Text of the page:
But he also acknowledged that "many of these values have come under intense pressure in recent years, even pushed to the brink in the last few weeks," indirectly referencing the difficult presidential transition, including attempts to overturn the election result and the Capitol invasion by Trump supporters. He also noted the need for the U.S. to "reclaim its credibility and moral authority, much of which has been lost" in international relations.

Interestingly, the speech appears to indicate a typology, although not yet well-defined, of friends/allies, competitors and adversaries. How to differentiate the last two has drawn the most attention. During the campaign Biden referred to Russia as the U.S.' biggest adversary, and he seemed to repeat this during his most recent remarks (although a close reading shows he avoided saying this too clearly), including allegations that Russia has tried to disrupt U.S. democracy.

He was rather explicit about China being the U.S.' most "serious competitor." There is also some ambiguity here. On the one hand, this is consistent with the prevailing view in Washington that China and the U.S. are engaged in "great power competition." On the other hand, he did not describe China as an adversary the same way Trump did, and was not aggressive or overly provocative.

While he did say the U.S. would "compete from a position of strength," he also acknowledged that the U.S. needs to "cultivate strength at home," which might be interpreted as conceding that the U.S. must first get its own chaotic domestic affairs under control.

Perhaps most importantly, Biden said he was "ready to work with Beijing when it's in our interests," and mentioned "existential threats" including the pandemic and climate change as requiring global cooperation. In fact, he said he would cooperate with both competitors and adversaries, noting his agreement with Russia to extend the New START nuclear arms reduction treaty.

Beyond this, Biden's decision to bring the U.S. back into the Paris Agreement and the World Health Organization also indicates a new willingness to cooperate multilaterally. This is a major policy change and will increase opportunities to cooperate with others, including China, in ways that might transcend bilateral tensions.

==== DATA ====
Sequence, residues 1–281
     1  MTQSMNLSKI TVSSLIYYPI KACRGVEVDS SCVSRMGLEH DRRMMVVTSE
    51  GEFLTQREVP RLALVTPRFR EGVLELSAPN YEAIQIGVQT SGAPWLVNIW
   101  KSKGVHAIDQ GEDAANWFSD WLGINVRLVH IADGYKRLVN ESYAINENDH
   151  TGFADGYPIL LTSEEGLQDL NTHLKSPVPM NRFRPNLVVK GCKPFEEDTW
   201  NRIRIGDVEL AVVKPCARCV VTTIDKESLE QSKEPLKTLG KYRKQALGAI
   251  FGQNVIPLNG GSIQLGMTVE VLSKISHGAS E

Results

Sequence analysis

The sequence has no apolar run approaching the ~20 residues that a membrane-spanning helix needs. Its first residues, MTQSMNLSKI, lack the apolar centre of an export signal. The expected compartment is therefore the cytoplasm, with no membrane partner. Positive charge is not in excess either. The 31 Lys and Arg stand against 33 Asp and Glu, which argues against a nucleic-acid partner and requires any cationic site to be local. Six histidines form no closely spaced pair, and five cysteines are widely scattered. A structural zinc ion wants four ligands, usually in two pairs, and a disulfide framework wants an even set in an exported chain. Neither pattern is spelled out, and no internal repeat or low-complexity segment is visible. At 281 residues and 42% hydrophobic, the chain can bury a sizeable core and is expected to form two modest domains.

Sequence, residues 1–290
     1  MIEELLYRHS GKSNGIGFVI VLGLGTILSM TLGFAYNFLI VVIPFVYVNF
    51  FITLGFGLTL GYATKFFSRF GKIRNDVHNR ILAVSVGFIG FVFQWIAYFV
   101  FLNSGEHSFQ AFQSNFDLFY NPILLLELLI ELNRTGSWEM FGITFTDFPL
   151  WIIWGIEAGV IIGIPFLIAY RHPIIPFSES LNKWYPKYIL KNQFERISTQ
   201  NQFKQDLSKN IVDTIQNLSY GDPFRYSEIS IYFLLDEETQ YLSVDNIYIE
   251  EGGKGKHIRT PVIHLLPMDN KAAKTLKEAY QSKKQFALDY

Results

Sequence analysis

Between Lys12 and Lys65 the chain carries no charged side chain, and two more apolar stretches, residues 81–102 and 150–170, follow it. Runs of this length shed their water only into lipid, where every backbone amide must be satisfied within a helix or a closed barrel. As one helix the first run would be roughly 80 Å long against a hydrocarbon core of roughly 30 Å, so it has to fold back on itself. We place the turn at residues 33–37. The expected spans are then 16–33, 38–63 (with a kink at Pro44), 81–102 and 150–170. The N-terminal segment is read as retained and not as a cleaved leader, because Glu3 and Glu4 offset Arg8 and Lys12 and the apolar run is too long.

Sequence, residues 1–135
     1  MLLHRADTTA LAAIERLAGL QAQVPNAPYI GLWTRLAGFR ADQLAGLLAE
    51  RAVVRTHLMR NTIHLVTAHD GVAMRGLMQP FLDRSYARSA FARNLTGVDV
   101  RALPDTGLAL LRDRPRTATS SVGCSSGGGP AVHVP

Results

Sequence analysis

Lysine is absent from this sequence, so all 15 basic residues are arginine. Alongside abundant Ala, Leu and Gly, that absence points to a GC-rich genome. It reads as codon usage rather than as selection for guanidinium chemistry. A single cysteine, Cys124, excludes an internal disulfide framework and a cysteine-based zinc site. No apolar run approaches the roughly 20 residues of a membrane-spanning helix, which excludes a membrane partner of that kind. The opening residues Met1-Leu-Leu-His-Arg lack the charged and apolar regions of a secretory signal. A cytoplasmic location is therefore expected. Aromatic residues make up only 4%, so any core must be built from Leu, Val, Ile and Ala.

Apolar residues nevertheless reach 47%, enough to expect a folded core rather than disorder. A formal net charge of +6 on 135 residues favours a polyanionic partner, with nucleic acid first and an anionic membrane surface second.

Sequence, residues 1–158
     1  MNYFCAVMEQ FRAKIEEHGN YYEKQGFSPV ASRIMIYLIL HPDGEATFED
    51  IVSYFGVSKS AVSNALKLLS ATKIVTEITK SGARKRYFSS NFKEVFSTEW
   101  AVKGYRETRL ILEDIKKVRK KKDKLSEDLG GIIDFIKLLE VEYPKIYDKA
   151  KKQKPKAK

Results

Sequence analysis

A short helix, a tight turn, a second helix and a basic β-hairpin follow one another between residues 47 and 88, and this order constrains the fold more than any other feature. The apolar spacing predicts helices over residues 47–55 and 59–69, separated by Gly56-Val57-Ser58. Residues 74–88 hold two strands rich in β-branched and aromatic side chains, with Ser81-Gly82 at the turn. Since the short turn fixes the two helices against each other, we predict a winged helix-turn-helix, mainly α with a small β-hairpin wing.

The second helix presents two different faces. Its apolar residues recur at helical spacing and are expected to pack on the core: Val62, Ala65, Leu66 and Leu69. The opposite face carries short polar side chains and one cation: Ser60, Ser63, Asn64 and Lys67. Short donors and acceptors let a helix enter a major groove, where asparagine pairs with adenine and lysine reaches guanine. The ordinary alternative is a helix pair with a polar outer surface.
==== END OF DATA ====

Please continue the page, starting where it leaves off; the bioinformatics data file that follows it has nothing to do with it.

What's next?

As Yang noted, China's position has been stable and consistent, while Biden acknowledged the U.S. has been the opposite. This is why although Yang said more, little of it was new; and while Biden said less, much of it described changes.

Although a soft reset arguably is in everyone's best interests, neither side realistically expects relations to warm considerably overnight. Both realize relations are tense and even fraught on some fronts. Both indicate a willingness to cooperate. Politically, Biden cannot afford to move too quickly on relations with China given more pressing matters at home, which above all require broad political support from Democrats and Republicans, with committed China hawks found in both parties. Beijing understands that patience might be required, as the White House press secretary indicated it would be a day after Biden's speech, and will certainly embrace it as long as sovereignty isn't compromised.

The key for both sides will be to build from positives without crossing each other's redlines. In fact, neither side nor the world at large can afford increasing conflict, and both China and Biden's team know how to dance diplomatically. It's not unreasonable to be optimistic.

The author is professor of politics at East China Normal University.